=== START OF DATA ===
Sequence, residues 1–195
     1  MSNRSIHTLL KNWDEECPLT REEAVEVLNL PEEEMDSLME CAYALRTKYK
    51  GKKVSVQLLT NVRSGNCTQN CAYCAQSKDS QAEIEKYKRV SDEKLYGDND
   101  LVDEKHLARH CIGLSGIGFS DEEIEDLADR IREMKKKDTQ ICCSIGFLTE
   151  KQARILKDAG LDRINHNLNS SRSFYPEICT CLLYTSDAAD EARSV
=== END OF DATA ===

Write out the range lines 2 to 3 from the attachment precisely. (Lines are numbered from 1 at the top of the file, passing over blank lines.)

     1  MSNRSIHTLL KNWDEECPLT REEAVEVLNL PEEEMDSLME CAYALRTKYK
    51  GKKVSVQLLT NVRSGNCTQN CAYCAQSKDS QAEIEKYKRV SDEKLYGDND